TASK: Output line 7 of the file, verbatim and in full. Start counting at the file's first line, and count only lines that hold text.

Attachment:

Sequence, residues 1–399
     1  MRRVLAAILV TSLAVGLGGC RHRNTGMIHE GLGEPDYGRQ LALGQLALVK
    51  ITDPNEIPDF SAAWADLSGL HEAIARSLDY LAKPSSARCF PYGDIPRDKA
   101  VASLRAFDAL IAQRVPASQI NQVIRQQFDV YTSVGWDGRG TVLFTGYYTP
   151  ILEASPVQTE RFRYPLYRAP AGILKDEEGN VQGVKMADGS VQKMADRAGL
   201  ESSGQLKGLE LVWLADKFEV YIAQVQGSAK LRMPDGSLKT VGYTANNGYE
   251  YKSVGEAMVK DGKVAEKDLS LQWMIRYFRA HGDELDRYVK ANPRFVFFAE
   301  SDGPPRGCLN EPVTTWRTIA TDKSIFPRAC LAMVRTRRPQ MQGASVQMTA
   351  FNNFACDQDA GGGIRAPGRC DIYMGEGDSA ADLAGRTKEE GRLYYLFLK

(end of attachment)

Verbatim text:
   251  YKSVGEAMVK DGKVAEKDLS LQWMIRYFRA HGDELDRYVK ANPRFVFFAE